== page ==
Netgear partially works around this by putting fail-open ports on the STM600, which let traffic pass through untouched if the STM600 loses power. We tested this and found that the STM600 is only "mostly" transparent. Both when we power-cycled it, and when it rebooted, we had to clear ARP caches before communications would resume. You've got to be comfortable putting another device in the critical path between your network and the Internet to consider this approach.
Another unusual part of the STM600 configuration is that you don't really make it aware of IP addresses, only ports to scan. This means that, by default, the STM600 will scan traffic to every IP address on the ports you list. That can be a benefit, or it could cause mysterious network problems if you don't realize that even your test lab is being filtered. Fortunately, there is a way to exclude specific IP addresses or subnets from scanning.
Baby steps in e-mail security
We looked at the STM600's e-mail security features, including antispam, content filtering and antimalware to see how it stands up against a well-entrenched and well-funded set of competitors.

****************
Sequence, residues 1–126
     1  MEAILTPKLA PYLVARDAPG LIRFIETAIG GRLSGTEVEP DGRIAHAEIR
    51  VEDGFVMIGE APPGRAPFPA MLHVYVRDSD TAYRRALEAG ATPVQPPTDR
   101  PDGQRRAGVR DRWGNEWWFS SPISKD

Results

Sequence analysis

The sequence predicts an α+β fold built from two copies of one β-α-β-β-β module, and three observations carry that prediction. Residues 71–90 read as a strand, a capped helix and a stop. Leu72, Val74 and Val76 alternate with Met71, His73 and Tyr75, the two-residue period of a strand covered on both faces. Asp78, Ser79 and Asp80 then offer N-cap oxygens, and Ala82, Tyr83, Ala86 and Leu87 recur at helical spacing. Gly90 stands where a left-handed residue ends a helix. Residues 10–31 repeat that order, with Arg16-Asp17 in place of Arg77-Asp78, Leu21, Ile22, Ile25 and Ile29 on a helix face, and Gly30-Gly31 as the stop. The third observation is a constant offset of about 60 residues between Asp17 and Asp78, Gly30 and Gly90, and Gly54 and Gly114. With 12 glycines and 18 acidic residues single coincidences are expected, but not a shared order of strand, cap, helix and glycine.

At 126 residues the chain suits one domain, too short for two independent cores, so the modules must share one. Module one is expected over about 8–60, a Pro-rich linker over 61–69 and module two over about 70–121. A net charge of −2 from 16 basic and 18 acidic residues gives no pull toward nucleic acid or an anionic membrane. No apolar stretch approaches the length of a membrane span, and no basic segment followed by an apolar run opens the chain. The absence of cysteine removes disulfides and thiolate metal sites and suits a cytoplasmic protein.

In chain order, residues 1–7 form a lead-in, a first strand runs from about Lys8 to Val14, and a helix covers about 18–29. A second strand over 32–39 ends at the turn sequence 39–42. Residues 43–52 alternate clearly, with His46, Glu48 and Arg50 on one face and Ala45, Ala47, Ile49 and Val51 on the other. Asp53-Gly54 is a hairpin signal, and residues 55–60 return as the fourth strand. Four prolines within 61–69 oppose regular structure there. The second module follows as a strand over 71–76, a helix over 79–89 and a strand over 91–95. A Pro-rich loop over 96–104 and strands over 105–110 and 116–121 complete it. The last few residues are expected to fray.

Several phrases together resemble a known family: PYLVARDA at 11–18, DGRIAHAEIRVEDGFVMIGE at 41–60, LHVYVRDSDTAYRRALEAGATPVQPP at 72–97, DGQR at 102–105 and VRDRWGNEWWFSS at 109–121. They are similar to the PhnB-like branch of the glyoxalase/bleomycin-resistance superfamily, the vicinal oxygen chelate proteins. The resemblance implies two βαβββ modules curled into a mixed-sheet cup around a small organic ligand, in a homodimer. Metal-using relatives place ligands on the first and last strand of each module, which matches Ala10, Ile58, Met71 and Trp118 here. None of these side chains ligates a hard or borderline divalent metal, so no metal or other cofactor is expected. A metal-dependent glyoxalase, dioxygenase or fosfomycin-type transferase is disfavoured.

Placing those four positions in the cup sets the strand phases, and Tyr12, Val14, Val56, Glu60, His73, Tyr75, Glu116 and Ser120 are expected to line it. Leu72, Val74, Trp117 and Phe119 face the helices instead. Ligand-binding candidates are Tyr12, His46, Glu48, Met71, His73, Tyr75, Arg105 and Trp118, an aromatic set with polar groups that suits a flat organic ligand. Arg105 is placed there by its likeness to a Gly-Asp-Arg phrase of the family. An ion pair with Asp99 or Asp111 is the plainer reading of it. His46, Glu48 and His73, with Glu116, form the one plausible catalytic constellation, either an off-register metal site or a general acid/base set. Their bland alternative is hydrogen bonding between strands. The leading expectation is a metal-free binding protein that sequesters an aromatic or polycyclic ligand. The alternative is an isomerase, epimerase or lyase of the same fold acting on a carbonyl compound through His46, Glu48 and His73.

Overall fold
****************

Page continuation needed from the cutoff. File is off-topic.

Antispam in the STM600 uses a combination of content and reputation filtering, with detected spam e-mail either tagged, blocked outright, or sent to an on-box quarantine server. Spam settings are determined for the entire system, and there is no concept of "suspected spam," which makes the STM600 very inflexible when it comes to antispam deployment.
There is no way to send quarantines to an off-box server, so Netgear provides up to 2GB of space in the STM600 (our system had an internal 160GB hard drive) for your quarantine. We found the quarantine to be particularly primitive, with no security, no directory integration, and no way to search for specific messages.
We tested the antispam performance of the STM600 and found that the catch rate is very similar to other antispam products, although the false positive rate is dramatically higher.
Netgear recently published a test showing the STM600 giving an antispam catch rate within a percentage point of systems from Barracuda Networks and Cisco Ironport. Our testing gave the same ranking, although with a more substantial range of about 3 percentage points between low and high scores. For a typical enterprise user who receives 100 non-spam messages a day, that translates into about 50% more spam in your in-box when protected by the STM600 than when protected by the Cisco Ironport, with seven times the false positive rate.